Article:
, 435 U.S. 313 (1978); 71 Op. Att'y Gen. 191 (1982) (concurrent jurisdiction between tribe and state to zone private property within reservation boundaries); 75 Op. Att'y Gen. 123 (1986) and 76 Op. Att'y Gen. 80 (1987) (concurrent state and tribal jurisdiction over liquor within reservation boundaries).

76 Op. Att'y Gen. 189, 193 (1987)

  The tribe's interests in providing waste disposal facilities to Indians on trust land within the reservation are those of public health and safety, including the protection of the reservation environment from any pollution that may occur. These interests parallel the state's interests in public health and safety for all citizens, with the protection of the environment from transboundary pollution included.

76 Op. Att'y Gen. 189, 193 (1987)

  The federal government has an interest in providing waste disposal facilities to tribes. It is expressed in the Indian Health Care Improvement Act of 1976 (18 U.S.C. 1601-1680 (1985)), which provides in relevant part:

76 Op. Att'y Gen. 189, 193 (1987)

[F]ederal health services to maintain and improve the health of the Indians are consonant with and required by the Federal Government's historical and unique legal relationship with, and resettling responsibility to, the American Indian People.

76 Op. Att'y Gen. 189, 193 (1987)

18 U.S.C. 1601(a) (1985).

76 Op. Att'y Gen. 189, 193 (1987)

Also, the act provides that further improvement in Indian health is imperiled by "a lack of safe water and sanitary disposal services" (1601(f)(6)) and provides for appropriations "to supply unmet needs for safe water and sanitary waste disposal facilities in existing and new Indian homes and communities." 18 U.S.C. 1632(a). Historically, such services have been provided by the federal government, first by the Bureau of Indian Affairs in the 1850's, and more recently by the Indian Health Service.
See
1976 U.S. Code Cong. & Admin. News., p. 2652.

76 Op. Att'y Gen. 189, 194 (1987)

  The federal interests are further implicated by the federal government's policy of encouraging tribal self-government.¯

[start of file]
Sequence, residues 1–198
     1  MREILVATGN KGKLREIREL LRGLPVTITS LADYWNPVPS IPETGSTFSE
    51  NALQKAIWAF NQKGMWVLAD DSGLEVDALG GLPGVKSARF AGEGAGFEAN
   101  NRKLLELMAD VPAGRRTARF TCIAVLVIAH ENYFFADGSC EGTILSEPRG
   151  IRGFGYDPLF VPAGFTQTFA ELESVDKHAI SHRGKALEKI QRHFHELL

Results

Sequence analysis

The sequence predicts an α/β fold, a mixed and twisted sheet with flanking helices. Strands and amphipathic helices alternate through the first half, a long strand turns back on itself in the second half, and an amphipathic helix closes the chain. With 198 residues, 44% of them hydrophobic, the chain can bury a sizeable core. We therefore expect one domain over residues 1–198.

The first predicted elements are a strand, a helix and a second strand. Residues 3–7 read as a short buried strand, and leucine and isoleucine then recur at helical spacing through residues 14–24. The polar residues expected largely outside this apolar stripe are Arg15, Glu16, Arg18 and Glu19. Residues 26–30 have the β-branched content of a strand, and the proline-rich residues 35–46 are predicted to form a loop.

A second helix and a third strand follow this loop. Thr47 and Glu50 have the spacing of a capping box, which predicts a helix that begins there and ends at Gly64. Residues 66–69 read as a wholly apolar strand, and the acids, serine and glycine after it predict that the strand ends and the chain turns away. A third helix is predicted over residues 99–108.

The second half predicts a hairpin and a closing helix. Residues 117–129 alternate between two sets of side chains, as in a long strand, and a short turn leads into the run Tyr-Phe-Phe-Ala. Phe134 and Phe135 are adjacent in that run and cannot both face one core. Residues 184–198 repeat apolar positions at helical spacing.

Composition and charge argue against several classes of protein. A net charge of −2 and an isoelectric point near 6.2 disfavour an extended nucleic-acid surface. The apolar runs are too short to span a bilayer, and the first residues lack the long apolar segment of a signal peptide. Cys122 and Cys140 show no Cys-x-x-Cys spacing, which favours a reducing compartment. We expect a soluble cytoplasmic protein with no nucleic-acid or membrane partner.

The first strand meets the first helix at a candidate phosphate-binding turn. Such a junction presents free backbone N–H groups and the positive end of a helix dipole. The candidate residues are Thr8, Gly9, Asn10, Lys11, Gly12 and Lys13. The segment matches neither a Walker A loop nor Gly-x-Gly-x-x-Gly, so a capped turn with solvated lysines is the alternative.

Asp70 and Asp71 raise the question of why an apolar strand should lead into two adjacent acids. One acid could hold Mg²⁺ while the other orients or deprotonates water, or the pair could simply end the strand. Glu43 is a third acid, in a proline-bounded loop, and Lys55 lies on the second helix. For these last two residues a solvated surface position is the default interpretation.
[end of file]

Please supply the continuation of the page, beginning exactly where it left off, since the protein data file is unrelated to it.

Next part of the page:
1
This policy has recently been expressed and re-emphasized in the area of environmental programs through the creation of the Environmental Protection Agency's Indian policy which provides that the "EPA recognizes tribal governments as sovereign entities with primary authority and responsibility for the reservation populace. Accordingly, EPA will work directly with tribal governments as the independent authority for reservation affairs and not as political subdivisions of states or other governmental units." Office of the Administrator, United States Environmental Protection Agency; Indian Policy Implementation Guide (November 8, 1984). The most recent expression of the policy of encouraging tribal self-government is indicated by the Indian Alcohol and Substance Prevention and Treatment Act of 1986. 25 U.S.C. 2411 (Supp. 1987).

76 Op. Att'y Gen. 189, 194 (1987)

  The backdrop of Indian sovereignty (in this analysis) is particularly significant, both because of the territorial aspect of the Oneida Tribe's sovereignty and because "the sovereign role of the tribes... does not disappear when the federal government takes responsibility for the management of federal program(s) on tribal lands."
State of Wash., Dept. of Ecology v. U.S.E.P.A.
, 752 F.2d 1465, 1471 (9th Cir. 1985).

76 Op. Att'y Gen. 189, 194 (1987)

  In evaluating the federal, state and tribal interests in providing sewage treatment facilities to Indians on the Oneida Reservation one finds that the Oneida Tribe's interests in protecting the reservation environment and tribal self-government are enhanced by the federal government's interest in providing these services and its policy of strengthening tribal self-government. Taken together, these interests outweigh the state's interest in regulating waste disposal on the reservation.

76 Op. Att'y Gen. 189, 194-195 (1987)

  This analysis, though not directly applicable to your first two questions, is relevant to your other questions concerning contracting with the Oneida Tribe to provide adequate sewerage disposal to the trust lands in question. Because METRO cannot exercise regulatory jurisdiction over trust lands within its district, contracting with the tribe appears to be the most viable method to make available such services on these lands.

76 Op. Att'y Gen. 189, 195 (1987)

  Against this background, each of your questions will now be considered.

76 Op. Att'y Gen. 189, 195 (1987)

1.   Is the Oneida Tribe of Wisconsin a "municipality" within the meaning of Sections 66.20 to 66.26? (For example, and without limitation, 66.24(3) and (6).)

76 Op. Att'y Gen. 189, 195 (1987)